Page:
"a 1024x 768 projector will display widescreen images as 1024x576 with black bars on top and bottom"
For sub 500 you should be able to get a home cinema native widescreen projector. I would recommend you do that. If you are still considering XGA read on.
If you live in Europe PAL widescreen is 1024x576 for pixel to pixel mapping of anomorphic dvds. A XGA projector will have alot less screendoor effect than an SVGA projector. With the same screen width it will produce a larger 4:3 image than a native 16:9 projector if you watch alot of 4:3 stuff. The XGA projector will probably be brighter than a home cinema projector enabling viewing in ambient light, or using a low gain greyscreen to reduce unwanted room reflections from light colored walls washing out the picture. XGA projectors can be had very cheap second hand in comparison to home cinema projectors.
However XGA projectors are designed for business presentations not home theater. They are designed for brightness with acceptable picture quality, rather than for best picture quality with acceptable brightness. With DLP projectors there is a trade off.
Trade off between noise and brightness, the brighter the lamp generally the hotter it runs and the louder the cooling fan.
Trade off between color accuracy and brightness. A colorwheel designed for D65 color accuracy has a large red segment and small green segment to compensate for the lamp being excessive in green and deficient in red, this lets through less light as it can only eliminate the excess. They may also use a yellow segment to improve light efficiency by up to 50% and enabling them to use more saturated green and red segments, possibly a cyan segment for a little bit more light efficiency and a magenta segment if going for a complete use of the brilliant color processing, finally maybe a ND green segment to increase bit depth for shadow detail needed because of their high colorwheel speed. These enlarged or extra segments give a more accurate greyscale color temperature and more accurate color primaries for better color reproduction.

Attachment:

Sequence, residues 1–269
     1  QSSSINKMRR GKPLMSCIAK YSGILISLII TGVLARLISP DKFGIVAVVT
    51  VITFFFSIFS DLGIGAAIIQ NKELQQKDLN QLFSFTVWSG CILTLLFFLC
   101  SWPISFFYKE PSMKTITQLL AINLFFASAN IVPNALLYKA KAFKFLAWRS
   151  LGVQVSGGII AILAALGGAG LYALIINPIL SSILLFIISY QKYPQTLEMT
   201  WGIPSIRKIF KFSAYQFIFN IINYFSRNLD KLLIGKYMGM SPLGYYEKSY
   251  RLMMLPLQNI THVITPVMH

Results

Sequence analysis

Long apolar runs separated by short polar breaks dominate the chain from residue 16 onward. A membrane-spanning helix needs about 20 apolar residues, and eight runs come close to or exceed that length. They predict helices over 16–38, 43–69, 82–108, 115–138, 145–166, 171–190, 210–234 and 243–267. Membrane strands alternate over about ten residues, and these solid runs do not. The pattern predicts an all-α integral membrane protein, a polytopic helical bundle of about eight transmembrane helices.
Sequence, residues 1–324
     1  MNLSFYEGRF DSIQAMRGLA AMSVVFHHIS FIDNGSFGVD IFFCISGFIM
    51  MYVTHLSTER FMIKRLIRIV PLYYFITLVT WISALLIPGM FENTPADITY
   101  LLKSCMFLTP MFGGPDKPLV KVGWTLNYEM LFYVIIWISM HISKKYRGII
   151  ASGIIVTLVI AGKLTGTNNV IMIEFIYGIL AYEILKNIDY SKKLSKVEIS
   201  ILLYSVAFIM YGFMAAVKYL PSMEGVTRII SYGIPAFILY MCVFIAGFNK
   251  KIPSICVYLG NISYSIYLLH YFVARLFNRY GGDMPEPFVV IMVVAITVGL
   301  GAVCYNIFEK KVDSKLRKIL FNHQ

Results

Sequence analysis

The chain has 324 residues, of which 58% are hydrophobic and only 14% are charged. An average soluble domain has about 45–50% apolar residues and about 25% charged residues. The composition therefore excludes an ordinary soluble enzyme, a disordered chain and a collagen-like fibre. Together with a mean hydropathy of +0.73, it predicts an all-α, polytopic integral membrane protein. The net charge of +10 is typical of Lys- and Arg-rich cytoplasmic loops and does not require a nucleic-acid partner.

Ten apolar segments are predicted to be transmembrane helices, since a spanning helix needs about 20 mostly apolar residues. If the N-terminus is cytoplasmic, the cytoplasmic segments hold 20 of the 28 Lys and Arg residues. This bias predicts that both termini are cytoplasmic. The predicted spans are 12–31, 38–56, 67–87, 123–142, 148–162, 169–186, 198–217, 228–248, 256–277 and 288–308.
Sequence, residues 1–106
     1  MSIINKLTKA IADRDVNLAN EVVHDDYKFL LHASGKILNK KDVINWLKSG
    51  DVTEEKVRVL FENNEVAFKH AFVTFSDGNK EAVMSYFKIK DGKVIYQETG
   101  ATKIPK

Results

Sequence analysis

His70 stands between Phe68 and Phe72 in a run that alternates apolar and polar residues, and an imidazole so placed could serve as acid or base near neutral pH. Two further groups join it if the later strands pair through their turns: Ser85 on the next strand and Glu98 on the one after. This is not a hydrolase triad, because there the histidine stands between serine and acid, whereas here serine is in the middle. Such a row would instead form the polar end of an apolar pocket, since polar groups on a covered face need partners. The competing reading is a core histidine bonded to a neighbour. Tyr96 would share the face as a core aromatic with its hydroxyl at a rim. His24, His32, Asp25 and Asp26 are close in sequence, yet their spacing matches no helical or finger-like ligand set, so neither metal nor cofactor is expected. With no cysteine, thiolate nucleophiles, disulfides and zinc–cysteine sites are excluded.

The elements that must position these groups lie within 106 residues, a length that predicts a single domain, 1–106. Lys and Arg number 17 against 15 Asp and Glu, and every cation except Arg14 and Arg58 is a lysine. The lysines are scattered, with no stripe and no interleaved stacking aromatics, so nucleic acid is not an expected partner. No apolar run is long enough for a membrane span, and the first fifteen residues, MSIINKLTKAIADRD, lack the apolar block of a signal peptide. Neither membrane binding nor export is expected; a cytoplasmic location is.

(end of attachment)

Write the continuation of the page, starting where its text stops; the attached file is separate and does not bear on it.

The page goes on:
A colorwheel designed for brightness uses a white(clear) segment to boost brightness at the expense of color saturation in bright colors and possibly causing visible picture noise - dithering in mid to high tones where the white segment is starting to be used. To stop the extra brightness washing out yellow, they tend to use a greenish yellow or use a yellow segment as well. They tend to produce excessive green light, with a cyanish white or with a yellow segment a greenish white since they use it to boost brightness as well. To produce a more accurate greyscale color temperature you can reduce green and blue down to the level of red, either by using the projectors color temperature controls or a color correction filter. To prevent bright white desaturating bright colors you can set brilliant color - the white segment to off. Reducing the green and blue down to the level of red (not using a color correction filter) and not using the white segment both reduce the max white brightness and so the claimed contrast ratio of the projector.
Trade off between contrast and brightness. When the dlp is off it reflects the unwanted light off at an angle, this light then bounces around the light box. When the dlp is on it reflects the desired light into the iris. The smaller the internal iris of a dlp projector the more it descriminates against the unwanted light scattered in the light box and infavor of the desired light. The bigger the iris the more light it lets through so the brighter the blacks and whites, less contrast more brightness.
Another possible drawback of business presentation over home cinema projectors is the colorwheel speed and DLP Rainbow Effect.
Colorwheel speed is usually slower in business presentation projectors, they are used in rooms with ambient lighting so their relative brightness and contrast is reduced by the viewing environment, and are often used to view static images - spreadsheets, pie graphs etc. This reduces the chance of dlp rainbow effect. In a home cinema environment the business presentation projector will probably be too bright and with a slow color wheel may induce dlp rainbows, this mght be solved by using a ND filter to reduce brightness.
A home cinema projector usually has a faster color wheel to reduce the risk of dlp rainbow effect, as you are expected to view it in a darkroom and the projector has a high contrast ratio.
Personally I use and am very happy with 2nd hand dlp XGA projectors, I got them because they were very cheap. The main thing likely to make an xga projector unuseable in a home cinema will be dlp rainbow effect if you suffer from it.